Almost Two-Thirds Of America’s Student Loan Debt Holders Are Women

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By Victor Trammell

A recent report published by the American Association of University Women (AAUW) revealed the findings of this organization’s study about the $1.3 trillion dollars worth of total current student loan debt in the nation.

Dr. Kevin Miller, a senior researcher at the AAUW led the team that conducted the study, which depended on information extracted from the U.S. Department of Education’s database.

After thoroughly analyzing the U.S. government’s data, Dr. Miller and his colleagues discovered that 64 percent of the $1.3 trillion dollars of national student loan debt is owed by women. The total debt figure is stretched out among 44 million borrowers, according to the study.

“It’s important to understand all of the challenges facing women in the United States, and in terms of their economic well-being, student debt is a big one,” Dr. Miller is quoted as saying in a late May 2017 article from the Washington Post.

The AAUW’s report also showed that after an academic year in recent history, black women graduated with more student loan debt than their white, Hispanic, and Asian female counterparts. “The typical black woman who graduated with a bachelor’s degree in 2011-12 did so with about $29,000 in student loans,” the AAUW’s report reads.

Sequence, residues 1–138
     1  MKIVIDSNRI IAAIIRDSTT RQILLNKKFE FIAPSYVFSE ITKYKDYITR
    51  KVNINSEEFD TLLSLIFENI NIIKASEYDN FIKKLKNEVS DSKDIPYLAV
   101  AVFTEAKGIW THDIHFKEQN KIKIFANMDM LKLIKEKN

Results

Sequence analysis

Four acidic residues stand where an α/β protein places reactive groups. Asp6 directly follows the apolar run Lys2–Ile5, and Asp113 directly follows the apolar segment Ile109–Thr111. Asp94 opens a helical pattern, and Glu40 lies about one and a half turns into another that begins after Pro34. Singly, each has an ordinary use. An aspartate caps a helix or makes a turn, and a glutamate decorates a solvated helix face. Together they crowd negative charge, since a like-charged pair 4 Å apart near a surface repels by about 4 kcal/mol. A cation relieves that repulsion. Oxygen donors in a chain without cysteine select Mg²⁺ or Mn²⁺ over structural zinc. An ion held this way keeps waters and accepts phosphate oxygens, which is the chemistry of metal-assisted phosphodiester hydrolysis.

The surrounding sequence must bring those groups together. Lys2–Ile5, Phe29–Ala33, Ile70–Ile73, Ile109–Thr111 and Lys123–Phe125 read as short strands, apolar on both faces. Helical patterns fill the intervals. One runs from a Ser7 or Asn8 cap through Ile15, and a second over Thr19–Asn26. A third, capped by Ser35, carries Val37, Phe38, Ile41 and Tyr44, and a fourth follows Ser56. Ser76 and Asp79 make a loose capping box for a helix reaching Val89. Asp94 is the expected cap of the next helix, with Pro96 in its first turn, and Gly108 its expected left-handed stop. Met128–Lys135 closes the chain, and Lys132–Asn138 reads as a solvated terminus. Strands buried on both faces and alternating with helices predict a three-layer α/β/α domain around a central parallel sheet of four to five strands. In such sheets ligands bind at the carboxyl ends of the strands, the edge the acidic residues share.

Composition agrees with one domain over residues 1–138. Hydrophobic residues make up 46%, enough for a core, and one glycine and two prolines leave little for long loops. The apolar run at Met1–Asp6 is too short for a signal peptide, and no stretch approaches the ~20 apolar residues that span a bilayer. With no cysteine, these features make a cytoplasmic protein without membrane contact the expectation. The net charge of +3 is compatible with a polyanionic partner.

“When considering either overall averages or the extremes, it is clear that black women constitute the group that takes on the greatest average amount of student loan debt,” the AAUW study’s authors also wrote.

In addition to educating readers about America’s student loan debt problem among women, the AAUW study report also offered solutions to the education funding-based adversities facing the nation’s adult female population.

“There are clear steps that policymakers can take to support students and reduce or eliminate the need for debt to finance college,” reads an excerpt from the AAUW report’s conclusion.

“Policy efforts to enable students to finish college free of debt have real potential to benefit women, but to exert any significant impact those policies must take into consideration the total cost of college and seek to encourage state investment in higher education,” the conclusion also reads.

You can read the full AAUW report by visiting the link to the first research source for this article listed below.

Source 1: http://www.aauw.org/aauw_check/pdf_download/show_pdf.php?file=deeper-in-debt 

Source 2: https://www.washingtonpost.com/news/grade-point/wp/2017/05/24/the-833-billion-albatross-around-the-necks-of-women-with-college-degrees/?utm_term=.53b08dba3d3c

 

 

 

 

 

 

 

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